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CBT for people with autism

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GinaGomez
GinaGomez

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I'm really interested in how we can adapt psychological therapies such as CBT for people with autism. There are a few really useful articles so far on Network Autism (e.g. Professor Ann Ozivandijan's presentation and Tim Lacey's article on treating depresson, but I'm really keen to hear other people's professional experience. What aspects of CBT are useful for people on the spectrum? What needs to be adapted? What research needs to be done in future? What has worked for you?
 

Edited on February 23, 2017 - 9:20am

October 11, 2012 - 2:40pm

In my experience as someone with AS who also works with people who have AS, CBT is often not that effective. What is usually effective is real-life behavioural therapy with support in the real world, because CBT in an office environment is too abstract, too removed and too short in duration. It tends to work best for the people who just have anxiety or depression, but AS is completely biological in origin and as such it can produce OCD and anxiety that takes longer to resolve. The OCD, for example, can develop because the underlying AS has not received recognition and so the person concerned develops obsessions that stem from literal thinking and misinterpreting information.

It is also  perfectly possible, however, that the OCD that often occurs as a co-existing condition with AS, developed out of the same biological processes that caused the AS, as opposed to being a mainly psychological maladaption. Therefore, OCD , when occuring in conjunction with AS, might not respond to the same treatement in the same way as it would if AS were not present.

Another problem with CBT is that people with AS  find it hard to identify emotions.

 

November 01, 2012 - 1:25pm

In response to the original post: In my experience it is not so much that the model of CBT needs to be radically modified, but rather the communicational and relational style of the individual therapist, or facilitator. It does seem to the case that good therapeutic outcomes are less to do with the therapeutic model utilised than with the creative competency, understanding and compassion of the individual therapist.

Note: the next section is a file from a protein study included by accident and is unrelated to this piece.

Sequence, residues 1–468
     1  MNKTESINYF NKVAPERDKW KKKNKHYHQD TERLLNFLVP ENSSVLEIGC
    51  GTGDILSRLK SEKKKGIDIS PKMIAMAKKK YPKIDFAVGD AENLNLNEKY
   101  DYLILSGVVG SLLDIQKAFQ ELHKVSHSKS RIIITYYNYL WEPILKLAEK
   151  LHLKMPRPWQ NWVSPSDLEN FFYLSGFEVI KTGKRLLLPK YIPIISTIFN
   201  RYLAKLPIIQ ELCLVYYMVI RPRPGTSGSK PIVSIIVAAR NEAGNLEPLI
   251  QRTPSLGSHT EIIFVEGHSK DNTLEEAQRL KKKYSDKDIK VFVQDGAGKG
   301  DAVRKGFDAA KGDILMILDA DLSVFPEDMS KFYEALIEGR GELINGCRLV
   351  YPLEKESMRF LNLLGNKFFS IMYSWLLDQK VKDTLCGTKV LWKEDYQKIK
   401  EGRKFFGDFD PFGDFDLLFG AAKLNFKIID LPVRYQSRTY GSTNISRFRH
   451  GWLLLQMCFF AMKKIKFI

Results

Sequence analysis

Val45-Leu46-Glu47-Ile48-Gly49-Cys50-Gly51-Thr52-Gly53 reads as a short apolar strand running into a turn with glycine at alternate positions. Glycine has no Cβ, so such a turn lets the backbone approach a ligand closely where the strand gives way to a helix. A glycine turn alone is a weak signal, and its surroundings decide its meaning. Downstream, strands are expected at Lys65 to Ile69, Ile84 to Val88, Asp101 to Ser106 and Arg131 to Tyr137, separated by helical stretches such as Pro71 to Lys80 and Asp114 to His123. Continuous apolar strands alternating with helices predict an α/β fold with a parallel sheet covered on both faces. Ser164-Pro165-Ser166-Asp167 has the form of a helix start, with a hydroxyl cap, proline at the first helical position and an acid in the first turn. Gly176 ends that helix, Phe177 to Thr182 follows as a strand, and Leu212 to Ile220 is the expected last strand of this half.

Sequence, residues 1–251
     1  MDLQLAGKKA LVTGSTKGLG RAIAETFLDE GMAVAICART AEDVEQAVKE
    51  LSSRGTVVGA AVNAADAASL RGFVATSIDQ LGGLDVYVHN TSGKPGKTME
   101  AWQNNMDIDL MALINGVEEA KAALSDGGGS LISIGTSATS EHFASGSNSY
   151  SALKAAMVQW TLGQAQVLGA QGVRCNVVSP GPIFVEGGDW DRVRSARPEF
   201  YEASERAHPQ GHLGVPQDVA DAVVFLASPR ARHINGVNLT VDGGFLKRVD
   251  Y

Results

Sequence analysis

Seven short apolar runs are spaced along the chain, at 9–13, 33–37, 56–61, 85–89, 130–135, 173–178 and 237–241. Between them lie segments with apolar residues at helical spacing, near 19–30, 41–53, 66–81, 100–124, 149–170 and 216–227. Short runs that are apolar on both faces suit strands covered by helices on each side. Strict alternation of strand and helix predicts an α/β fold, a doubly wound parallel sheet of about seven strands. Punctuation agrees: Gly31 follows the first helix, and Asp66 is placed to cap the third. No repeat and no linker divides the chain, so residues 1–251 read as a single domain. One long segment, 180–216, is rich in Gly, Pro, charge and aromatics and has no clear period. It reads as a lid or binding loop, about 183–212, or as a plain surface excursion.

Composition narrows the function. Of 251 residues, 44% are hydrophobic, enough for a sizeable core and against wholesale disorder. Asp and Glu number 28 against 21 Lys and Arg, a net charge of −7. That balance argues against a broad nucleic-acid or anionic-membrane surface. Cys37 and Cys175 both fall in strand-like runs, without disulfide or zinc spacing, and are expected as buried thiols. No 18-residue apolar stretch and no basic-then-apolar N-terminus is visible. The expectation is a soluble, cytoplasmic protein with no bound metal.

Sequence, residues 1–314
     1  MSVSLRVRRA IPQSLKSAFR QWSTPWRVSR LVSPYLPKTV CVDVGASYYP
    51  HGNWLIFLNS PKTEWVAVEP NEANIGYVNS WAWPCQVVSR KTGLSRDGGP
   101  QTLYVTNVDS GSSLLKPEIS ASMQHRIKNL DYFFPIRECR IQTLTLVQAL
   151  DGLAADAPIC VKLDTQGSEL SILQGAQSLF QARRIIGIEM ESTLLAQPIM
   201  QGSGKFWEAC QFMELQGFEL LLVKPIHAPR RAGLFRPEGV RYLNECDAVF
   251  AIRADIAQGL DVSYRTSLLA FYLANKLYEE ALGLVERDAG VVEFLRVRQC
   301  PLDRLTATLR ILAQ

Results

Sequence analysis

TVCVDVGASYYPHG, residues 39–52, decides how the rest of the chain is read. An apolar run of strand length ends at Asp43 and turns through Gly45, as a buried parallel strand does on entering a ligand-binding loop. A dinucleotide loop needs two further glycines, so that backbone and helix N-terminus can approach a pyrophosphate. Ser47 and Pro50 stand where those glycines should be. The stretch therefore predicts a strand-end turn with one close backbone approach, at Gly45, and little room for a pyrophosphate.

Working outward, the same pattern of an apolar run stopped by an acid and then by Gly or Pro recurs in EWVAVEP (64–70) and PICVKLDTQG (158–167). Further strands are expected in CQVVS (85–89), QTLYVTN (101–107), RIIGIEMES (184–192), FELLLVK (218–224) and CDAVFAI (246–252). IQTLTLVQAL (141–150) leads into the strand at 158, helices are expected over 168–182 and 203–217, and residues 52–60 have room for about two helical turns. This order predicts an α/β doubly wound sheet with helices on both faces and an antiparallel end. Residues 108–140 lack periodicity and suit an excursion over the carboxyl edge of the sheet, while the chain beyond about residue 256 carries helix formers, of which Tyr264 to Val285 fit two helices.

November 01, 2012 - 1:39pm

Hello Stephen - I'd agree with your second sentence, but not the first.  I think current models can be radically improved, and if so could help in the development and training of future therapists.  Also, by some models dominating, it can become the case that they become job spec criteria and so on - and thus can put off practitioners from applying who are creative and compassionate - yet have no wish to follow the dominant model.  Models have a purpose, and they should be continually revised to answer their critics and not seen as certainties (imv) but working models.

Neill23

November 20, 2012 - 4:07pm

I find the NICE guidlines for autism in adults makes some good recomendations for adaptions to standard CBT/pyshcology'

1.6.2 For adults with autism and coexisting mental disorders, offer psychosocial interventions informed by existing NICE guidance for the specific disorder.

1.6.3 Adaptations to the method of delivery of cognitive and behavioural interventions for adults with autism and coexisting common mental disorders should include:

  • a more concrete and structured approach with a greater use of written and visual information (which may include worksheets, thought bubbles, images and 'tool boxes')

  • placing greater emphasis on changing behaviour, rather than cognitions, and using the behaviour as the starting point for intervention

  • making rules explicit and explaining their context

  • using plain English and avoiding excessive use of metaphor, ambiguity and hypothetical situations

  • involving a family member, partner, carer or professional (if the person with autism agrees) to support the implementation of an intervention

  • maintaining the person's attention by offering regular breaks and incorporating their special interests into therapy if possible (such as using computers to present information).

I hope this helps,

regards

November 20, 2012 - 4:26pm

Although some of this seems sound (particularly utilising interests) - I would question the focus on 'changing behaviours' - or 'cognitions' for that matter - unless the person themselves is specifically wanting/asking for change in this regard, or that they are causing harm to themselves and others, and then a more negotiated approach involving understanding meaning is needed, which is very difficult if the individual receiving the treatment is unable to get their views across and the practitioner may be imposing incorrect understandings on the recipient.

As an autistic adult - I do not wish to have CBT or social skills training, yet that is all that is generally recommended (if anything is).  Not that I would want counselling anyway (although there are other methods that I would consider potentially more helpful for people other than myself).

Neill23